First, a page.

I Used To Call It Benares

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I Used to Call It Benares

Then there was the man
who made me want
to swim out into the Ganges,
though my first trip to Varanasi
had included a boat ride
by a floating dead cow, its ribs picked
to a flicker of flesh
by what I poetically want to call
carrion crows.

But he was cool (the man)
and I was not
and it was hot enough in Varanasi that visit, the smoke from the funeral pyres
something we black-coughed regularly, he wanting
to see, and other
things,

that in the heat of even
the non-burning ghats, in the ochre orange
of the non-embered steps, the banks
of beggars and those
who could unclothe without revealing
anything, I swam out far enough
to reach ripple,
and though I pressed my lips tightly together
in a way that we were not
for long–or maybe, honestly, too long
for it was a relationship that ever
took me
to a brink–I have never
felt water so silky at any other time
in my whole life.

I still can feel
its caress on my lightly haired arms, the way the drops glistened
against a sky stranded
by heat, dust, smoke, and a pulsing
certainty, or will
for it–

how to survive this something one spends years
trying to learn, accepting too
a beauty–

**************************
Very much of a draft poem for Magaly’s prompt on With Real Toads, 

As a process note, Varanasi is one of the most holy Hindu pilgrimage cities in India; and the Ganges, a river that runs through it, is considered a holy river.  Ghat is the sanskrit/Hindi word for river bank, and is what the various parts of the banks of the Ganges in Varanasi are called; these include Manikarnika Ghat which is a cremation ghat, also called the burning ghat.   Photo is by my daughter, Meredith Martin. 

The poem has been edited since first posting and is still (probably) in progress; as I’m still not happy with the close–agh–but don’t want to “unpost” at this point.  

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18 Comments on “I Used To Call It Benares”


  1. Some events and places we must learn to appreciate, to really see just how deep their beauty runs.

    Love the vivid image you pain in your final stanza.

  2. Candy Says:

    this is simply beautiful in it’s feeling and description


  3. You’ve transported me! Wonderful imagery and sensory work…I love this portion:

    “its ribs picked
    to a flicker of flesh
    by what I poetically want
    to call carrion crows.”

    Thank you!

  4. Jim Says:

    One of the river outlets into the Gulf of Mexico is always like that, fine silt disolved in the water makes it very silky and slippery. It would be ‘clean’ to swim in if the water came from farmed fields. Trouble is that most runoffs aren’t but rather are from muddy, manures filled animal pens.
    Is this true? If so, how did the water smell?
    ..

    • Jim Says:

      The iPad is acting up again. This outlet and its beach delta are from. “Texas” river. Also it wants to put an “s” at the end of ‘manure’. I thought I had that stopped and corrected. Sorry.
      ..

    • ManicDdaily Says:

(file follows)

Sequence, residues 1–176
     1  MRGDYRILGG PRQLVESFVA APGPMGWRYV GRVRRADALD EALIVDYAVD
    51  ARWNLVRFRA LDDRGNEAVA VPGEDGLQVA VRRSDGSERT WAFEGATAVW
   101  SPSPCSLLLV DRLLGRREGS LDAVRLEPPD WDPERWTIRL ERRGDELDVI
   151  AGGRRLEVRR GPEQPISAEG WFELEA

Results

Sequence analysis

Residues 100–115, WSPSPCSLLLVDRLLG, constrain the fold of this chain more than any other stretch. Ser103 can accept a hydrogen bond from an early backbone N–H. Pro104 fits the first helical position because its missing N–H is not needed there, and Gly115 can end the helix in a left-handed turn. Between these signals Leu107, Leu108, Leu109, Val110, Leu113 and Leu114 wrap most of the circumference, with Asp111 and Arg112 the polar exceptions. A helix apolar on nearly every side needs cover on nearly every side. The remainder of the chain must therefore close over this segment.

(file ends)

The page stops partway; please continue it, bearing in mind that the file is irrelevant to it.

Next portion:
I think the silkiness is from a lot of natural lime, which is probably what makes it like that in Texas too, and also may not make it healthy, but I think in India did give it purifying qualities, which are now highly overrun by all that’s being dumped into it. This was so long ago, Jim. The water did not smell bad at all, but it may now. Also I have been in the Ganges–but the poem has a lot of made-up/fictional aspects! Thanks for your kind and interested comments–the auto correct drives me crazy!

      • Jim Says:

        Thanks. Yes, swimming in the pristine waters is best. Cold generally but exhilarating.
        This was a lovely poem and I should not have gone off here on the water qualities. Sorry.
        ..

      • ManicDdaily Says:

        Please–no apologies! Any one who knows about water would be kind of disturbed by the idea of swimming in the Ganges –as I am when I look back on it–and your comment made me re-think the poem actually this morning.

        I feel rather sorry for the Ganges as I think the original chemical composition was such (a lot of lime) that it did have disinfectant properties, but now I think it’s pretty awful. The times I visited were years and years ago–both at Varanasi and later up where it comes out of the mountains – Haridwar–and is a lot cleaner! I would not go into it now for love or money! k.

        On Mon, Feb 15, 2016 at 10:26 AM, ManicDDaily wrote:

        >

  5. Kerry O'Connor Says:

    A poem like this is a gift to the reader in the sense of an experience shared, and a lesson perceived, as well as the simple joy of language used beautifully.


  6. The sense of devotion is palpable. Truly a spiritual experience!


  7. I remember the stories my father told me about a dead cow floating down Ganges when he visited… But he had none there to lure him into the water…. Love the story.


  8. It’s always fun to “step into” another world… as the fist stanza certainly does.


  9. There are many places I can only travel through the vehicle of thought. I love your journey in this one..so vivid I could see it.

  10. M Says:

    an engulfing pen, k. since it’s drafty… what do you think of dropping the last verse entirely, and ending with the penultimate?


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